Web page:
Argentinian and Rioplatense Spanish

In the streets of Buenos Aires, the Spanish you hear is different from the one you hear on the streets of Madrid. Given that 6,000 or so miles separate the capital of Argentina from that of Spain, this does not come as much of a surprise. Let’s have a look at what makes Argentinian Spanish unique.

Rioplatense Spanish is a dialect of Spanish spoken in the River Plate basin (Río de la Plata Basin) of Argentina and Uruguay. It is what you may know as “Argentinian Spanish”.

Other dialects exist in Argentina, but Rioplatense Spanish is used in two of the country’s most populated provinces, Buenos Aires (which contains the capital city) and Santa Fe. It also extends to the Patagonian region in southern Argentina.

The terms “Argentinian Spanish” and “Rioplatense Spanish” are often used interchangeably because, given its use in Buenos Aires, Rioplatense Spanish stands out as the most visible form of Argentinian Spanish. But to be precise, the terms differ slightly as Argentinian Spanish includes a broader spectrum of regional dialects.

Before explaining what makes Rioplatense Spanish unique, we have to talk about voseo. Voseo is the use of “vos” instead of “tú”. It is an essential part of Rioplatense Spanish, but it can also be found in other varieties of Spanish, like Central American Spanish.

I. Voseo in Rioplatense Spanish: talking about “you” differently

If you want to speak and understand Rioplatense Spanish, or all the Spanish dialects of Argentina, you must learn how voseo works.

Voseo can vary according to the region you’re in, but it always implies that the informal second-person singular pronoun “tú” and the prepositional object “ti” are replaced by “vos”.

Here are some examples of how voseo works in Rioplatense Spanish:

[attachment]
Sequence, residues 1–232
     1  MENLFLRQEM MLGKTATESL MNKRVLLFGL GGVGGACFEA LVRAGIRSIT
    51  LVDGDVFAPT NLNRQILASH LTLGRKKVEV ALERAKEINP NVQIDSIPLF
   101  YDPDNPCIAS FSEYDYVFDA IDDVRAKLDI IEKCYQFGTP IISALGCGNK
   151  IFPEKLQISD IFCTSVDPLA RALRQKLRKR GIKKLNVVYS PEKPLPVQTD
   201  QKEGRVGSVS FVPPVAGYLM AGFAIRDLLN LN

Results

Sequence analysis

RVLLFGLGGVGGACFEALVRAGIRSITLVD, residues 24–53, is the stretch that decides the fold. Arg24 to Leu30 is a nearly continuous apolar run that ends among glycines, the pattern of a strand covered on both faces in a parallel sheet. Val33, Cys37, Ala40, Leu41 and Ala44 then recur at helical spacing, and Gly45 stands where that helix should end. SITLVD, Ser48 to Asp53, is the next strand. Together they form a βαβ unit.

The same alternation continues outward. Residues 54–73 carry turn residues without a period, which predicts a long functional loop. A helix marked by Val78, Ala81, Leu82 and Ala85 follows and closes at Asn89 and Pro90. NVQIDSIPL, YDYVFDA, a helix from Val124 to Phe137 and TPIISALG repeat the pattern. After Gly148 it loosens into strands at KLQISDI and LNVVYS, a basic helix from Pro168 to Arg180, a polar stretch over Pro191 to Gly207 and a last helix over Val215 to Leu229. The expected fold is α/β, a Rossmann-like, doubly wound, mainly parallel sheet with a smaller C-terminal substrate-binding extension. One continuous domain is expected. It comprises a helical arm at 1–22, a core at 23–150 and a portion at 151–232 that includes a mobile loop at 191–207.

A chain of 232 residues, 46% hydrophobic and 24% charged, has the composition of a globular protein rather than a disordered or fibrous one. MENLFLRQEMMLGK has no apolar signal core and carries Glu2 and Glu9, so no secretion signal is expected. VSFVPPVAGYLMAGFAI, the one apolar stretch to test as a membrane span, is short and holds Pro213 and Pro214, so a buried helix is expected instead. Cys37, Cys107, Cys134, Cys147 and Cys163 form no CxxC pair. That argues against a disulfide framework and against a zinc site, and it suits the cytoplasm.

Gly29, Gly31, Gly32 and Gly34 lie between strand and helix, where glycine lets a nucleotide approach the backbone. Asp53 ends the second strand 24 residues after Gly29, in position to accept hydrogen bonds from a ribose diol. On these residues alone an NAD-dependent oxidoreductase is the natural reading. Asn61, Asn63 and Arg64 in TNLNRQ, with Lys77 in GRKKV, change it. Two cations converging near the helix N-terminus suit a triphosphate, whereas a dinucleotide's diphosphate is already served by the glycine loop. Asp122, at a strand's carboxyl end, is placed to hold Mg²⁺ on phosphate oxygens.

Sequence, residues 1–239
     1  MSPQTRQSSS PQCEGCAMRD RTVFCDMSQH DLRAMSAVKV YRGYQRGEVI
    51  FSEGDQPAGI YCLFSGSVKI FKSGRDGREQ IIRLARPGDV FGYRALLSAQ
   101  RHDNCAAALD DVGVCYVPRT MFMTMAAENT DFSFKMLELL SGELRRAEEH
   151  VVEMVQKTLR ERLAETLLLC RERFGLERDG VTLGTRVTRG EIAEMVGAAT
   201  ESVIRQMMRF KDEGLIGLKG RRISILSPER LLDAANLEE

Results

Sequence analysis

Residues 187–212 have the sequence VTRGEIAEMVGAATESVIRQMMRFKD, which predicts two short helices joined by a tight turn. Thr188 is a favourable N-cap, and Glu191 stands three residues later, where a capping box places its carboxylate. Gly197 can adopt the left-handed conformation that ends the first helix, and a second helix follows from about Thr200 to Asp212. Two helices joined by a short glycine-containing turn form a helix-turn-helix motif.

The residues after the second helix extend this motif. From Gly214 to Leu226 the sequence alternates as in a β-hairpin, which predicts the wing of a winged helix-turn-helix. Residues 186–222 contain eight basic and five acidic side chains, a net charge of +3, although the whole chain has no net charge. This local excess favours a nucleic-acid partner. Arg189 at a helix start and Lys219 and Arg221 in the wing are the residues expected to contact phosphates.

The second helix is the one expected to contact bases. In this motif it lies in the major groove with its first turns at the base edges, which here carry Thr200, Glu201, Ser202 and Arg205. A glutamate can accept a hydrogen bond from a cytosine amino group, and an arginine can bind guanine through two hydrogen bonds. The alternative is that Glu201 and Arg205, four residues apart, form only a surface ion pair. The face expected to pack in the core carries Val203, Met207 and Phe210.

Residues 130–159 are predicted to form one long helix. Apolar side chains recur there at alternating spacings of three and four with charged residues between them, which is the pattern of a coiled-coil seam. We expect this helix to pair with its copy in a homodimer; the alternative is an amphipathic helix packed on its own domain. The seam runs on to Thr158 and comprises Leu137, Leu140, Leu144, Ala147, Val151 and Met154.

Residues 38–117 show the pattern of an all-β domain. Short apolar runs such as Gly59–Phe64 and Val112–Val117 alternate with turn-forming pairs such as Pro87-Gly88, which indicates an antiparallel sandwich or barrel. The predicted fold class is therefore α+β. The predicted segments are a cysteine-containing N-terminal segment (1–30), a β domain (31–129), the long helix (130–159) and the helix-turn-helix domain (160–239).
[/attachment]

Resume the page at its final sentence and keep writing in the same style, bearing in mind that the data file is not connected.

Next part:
Tuteo Voseo
Te hablo a ti (I’m talking to you) Te hablo a vos
Voy contigo (I’m going with you) Voy con vos
[Tú] Eres increíble. (You are amazing) [Vos] Sos increíble

Notice how “eres” becomes “sos” in the last example. This is because the pronouns “vos” and “tú” are associated with different verbal forms.

Notice also the accentuation and how it changes the diphthongs in the following examples.

Tuteo Voseo
comes mucho. (You eat much). Vos comés mucho.
puedes hacerlo. (You can do it). Vos podés hacerlo.
Nunca recuerdas nada. (You never remember anything). Nunca recordás nada [vos].
¿Vienes más tarde? (Are you coming later?) ¿Venís más tarde?
¿Sales el sábado? (Are you going out on Saturday?) ¿Salís el sábado?

The stress shift is derived from the elimination of the “i” in ancient “vos” inflections: vos coméis, vos podéis, vos recordáis, etc.

The voseo also affects the imperative forms of the verbs:

Tuteo Voseo
Come un poco más. (Eat some more). Comé un poco más.
Recuerda las reglas. (Remember the rules). Recordá las reglas.
Ven aquí. (Come here). Vení aquí (or acá in “Argentine Spanish”).
Escucha esta canción. (Listen to this song). Escuchá esta canción.
Espérame ahí. (Wait [for me] there). Esperame ahí. (Stress in “ra”).
Ve a tu casa. (Go home). Andá a tu casa*.

* We don’t use the imperative form of the verb “ir” in voseo, instead we use the imperative form of the verb “andar” (“anda”) with the stress in the last syllable.

II. Usage of tenses: keeping it simple

In Rioplatense Spanish, we prefer the simple past over the present perfect.

Tuteo Voseo
Aquí no ha pasado nada. (Nothing has happened here). Acá no pasó nada.